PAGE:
Cuba silent on Canadian's corruption trial

Canadian businessman on trial behind closed doors in Cuba, as government mum on proceedings

Associated Press
Cuba silent on Canadian's corruption trial
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Canadian businessman Sarkis Yacoubian goes to court for his corruption trial in Havana, Cuba, Friday, …

HAVANA (AP) -- Official silence surrounded the case of a Canadian businessman targeted by a corruption probe in Cuba on Friday, as the initial trial of several foreigners suspected of graft entered its second day.

Sarkis Yacoubian, 53, who partnered with the Cuban government on multiple ventures, reportedly has been charged with bribery, tax evasion and "activities damaging to the economy." He faces up to 12 years if found guilty.

Yacoubian was seen entering a special courthouse on Friday, escorted by three men who appeared to be plainclothes security.

Cuba's judicial system is known for its speedy proceedings behind closed doors with little or no media access and the government has not commented on Yacoubian's case, even to acknowledge that a trial has begun.

Canada's ambassador to Havana has been observing the proceedings, but Ottawa has also kept mum except to acknowledge that it is providing consular services to two of its citizens detained in Cuba.

"Canadian consular officials in Havana are in regular contact with local authorities and are monitoring the situation closely," said Emma Welford, a spokeswoman for the Department of Foreign Affairs. "To protect the privacy of the individual concerned, further details on these cases cannot be released."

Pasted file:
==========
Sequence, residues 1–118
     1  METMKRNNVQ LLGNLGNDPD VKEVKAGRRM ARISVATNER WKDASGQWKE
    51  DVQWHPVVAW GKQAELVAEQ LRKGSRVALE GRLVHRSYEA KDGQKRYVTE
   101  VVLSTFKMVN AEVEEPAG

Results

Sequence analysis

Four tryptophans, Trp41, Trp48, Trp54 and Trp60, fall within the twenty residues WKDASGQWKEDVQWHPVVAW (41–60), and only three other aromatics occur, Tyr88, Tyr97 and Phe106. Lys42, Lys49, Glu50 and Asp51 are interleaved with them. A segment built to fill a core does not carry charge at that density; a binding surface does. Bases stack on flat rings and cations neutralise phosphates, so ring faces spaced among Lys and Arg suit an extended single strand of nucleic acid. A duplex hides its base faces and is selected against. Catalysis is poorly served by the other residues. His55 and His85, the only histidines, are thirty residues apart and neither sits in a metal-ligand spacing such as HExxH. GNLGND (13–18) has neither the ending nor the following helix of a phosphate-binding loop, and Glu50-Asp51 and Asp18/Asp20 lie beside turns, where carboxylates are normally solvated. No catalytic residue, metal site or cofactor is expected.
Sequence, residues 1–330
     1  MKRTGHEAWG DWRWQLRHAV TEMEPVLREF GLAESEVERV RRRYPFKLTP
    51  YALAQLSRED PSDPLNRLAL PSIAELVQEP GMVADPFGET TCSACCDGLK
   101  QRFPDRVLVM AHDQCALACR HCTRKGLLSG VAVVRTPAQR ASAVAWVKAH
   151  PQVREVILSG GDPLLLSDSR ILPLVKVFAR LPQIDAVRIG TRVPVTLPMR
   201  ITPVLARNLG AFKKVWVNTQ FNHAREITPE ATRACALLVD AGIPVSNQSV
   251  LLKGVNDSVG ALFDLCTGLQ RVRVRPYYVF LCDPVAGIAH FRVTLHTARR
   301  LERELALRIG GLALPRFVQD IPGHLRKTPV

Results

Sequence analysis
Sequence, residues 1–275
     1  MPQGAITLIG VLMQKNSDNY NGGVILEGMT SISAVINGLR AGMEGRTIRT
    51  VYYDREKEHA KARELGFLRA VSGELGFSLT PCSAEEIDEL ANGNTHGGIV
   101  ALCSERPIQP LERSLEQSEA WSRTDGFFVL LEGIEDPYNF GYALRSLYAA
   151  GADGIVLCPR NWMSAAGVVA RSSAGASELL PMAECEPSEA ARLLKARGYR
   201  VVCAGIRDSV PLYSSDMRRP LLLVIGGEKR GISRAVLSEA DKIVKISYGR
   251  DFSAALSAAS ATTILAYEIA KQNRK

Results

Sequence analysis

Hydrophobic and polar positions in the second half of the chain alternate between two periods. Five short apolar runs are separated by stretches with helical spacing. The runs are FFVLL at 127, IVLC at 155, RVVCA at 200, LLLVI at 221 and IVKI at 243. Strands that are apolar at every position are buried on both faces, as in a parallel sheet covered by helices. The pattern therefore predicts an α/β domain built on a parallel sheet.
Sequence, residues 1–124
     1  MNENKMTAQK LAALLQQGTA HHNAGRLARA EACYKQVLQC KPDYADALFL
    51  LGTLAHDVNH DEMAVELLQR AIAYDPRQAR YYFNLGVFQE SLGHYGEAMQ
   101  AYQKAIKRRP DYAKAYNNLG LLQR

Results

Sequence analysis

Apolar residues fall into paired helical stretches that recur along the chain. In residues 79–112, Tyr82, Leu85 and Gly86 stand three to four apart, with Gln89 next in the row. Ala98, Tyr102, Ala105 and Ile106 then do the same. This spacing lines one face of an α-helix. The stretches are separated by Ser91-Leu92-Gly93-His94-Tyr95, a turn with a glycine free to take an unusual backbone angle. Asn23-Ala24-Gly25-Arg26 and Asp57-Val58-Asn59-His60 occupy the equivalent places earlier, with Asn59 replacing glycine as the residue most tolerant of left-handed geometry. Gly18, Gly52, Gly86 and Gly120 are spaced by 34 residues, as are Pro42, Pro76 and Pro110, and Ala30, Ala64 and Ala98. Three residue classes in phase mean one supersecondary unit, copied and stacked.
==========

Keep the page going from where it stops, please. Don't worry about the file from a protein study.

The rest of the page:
Yacoubian has been under detention since July 2011, when his import and transportation company, Tri-Star Caribbean, was shuttered by authorities.

Two months later, authorities raided another Canadian-run company, the Tokmakjian Group. Its president, Cy Tokmakjian, is also expected to go on trial soon, as are two British citizens.

More foreigners involved in the companies under investigation have not been detained but have been unable to leave Cuba while the cases are still open.

President Raul Castro has said that rooting out rampant corruption is one of the country's most important challenges.

Dozens of Cuban government officials and state company executives have been imprisoned for graft, while more than 150 foreign businesspeople and scores of small foreign companies have been kicked out of the country.

Friday's court proceedings were held in the same refurbished mansion where U.S. government subcontractor Alan Gross was convicted of crimes against the state for bringing sensitive communications equipment into the country and setting up clandestine Internet networks.

He is serving a 15-year sentence.

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Associated Press journalists Fernando Gonzalez in Havana and Rob Gillies in Toronto contributed to this report.

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